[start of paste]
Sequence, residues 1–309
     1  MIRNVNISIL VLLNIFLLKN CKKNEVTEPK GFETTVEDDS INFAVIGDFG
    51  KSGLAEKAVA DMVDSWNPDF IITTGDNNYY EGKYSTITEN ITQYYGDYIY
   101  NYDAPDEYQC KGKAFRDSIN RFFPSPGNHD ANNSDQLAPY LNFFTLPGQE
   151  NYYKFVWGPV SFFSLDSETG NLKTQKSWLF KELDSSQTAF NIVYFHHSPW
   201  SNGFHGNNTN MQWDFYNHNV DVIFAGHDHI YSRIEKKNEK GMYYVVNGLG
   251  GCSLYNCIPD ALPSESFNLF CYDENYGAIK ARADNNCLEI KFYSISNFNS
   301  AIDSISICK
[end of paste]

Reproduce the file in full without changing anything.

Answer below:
Sequence, residues 1–309
     1  MIRNVNISIL VLLNIFLLKN CKKNEVTEPK GFETTVEDDS INFAVIGDFG
    51  KSGLAEKAVA DMVDSWNPDF IITTGDNNYY EGKYSTITEN ITQYYGDYIY
   101  NYDAPDEYQC KGKAFRDSIN RFFPSPGNHD ANNSDQLAPY LNFFTLPGQE
   151  NYYKFVWGPV SFFSLDSETG NLKTQKSWLF KELDSSQTAF NIVYFHHSPW
   201  SNGFHGNNTN MQWDFYNHNV DVIFAGHDHI YSRIEKKNEK GMYYVVNGLG
   251  GCSLYNCIPD ALPSESFNLF CYDENYGAIK ARADNNCLEI KFYSISNFNS
   301  AIDSISICK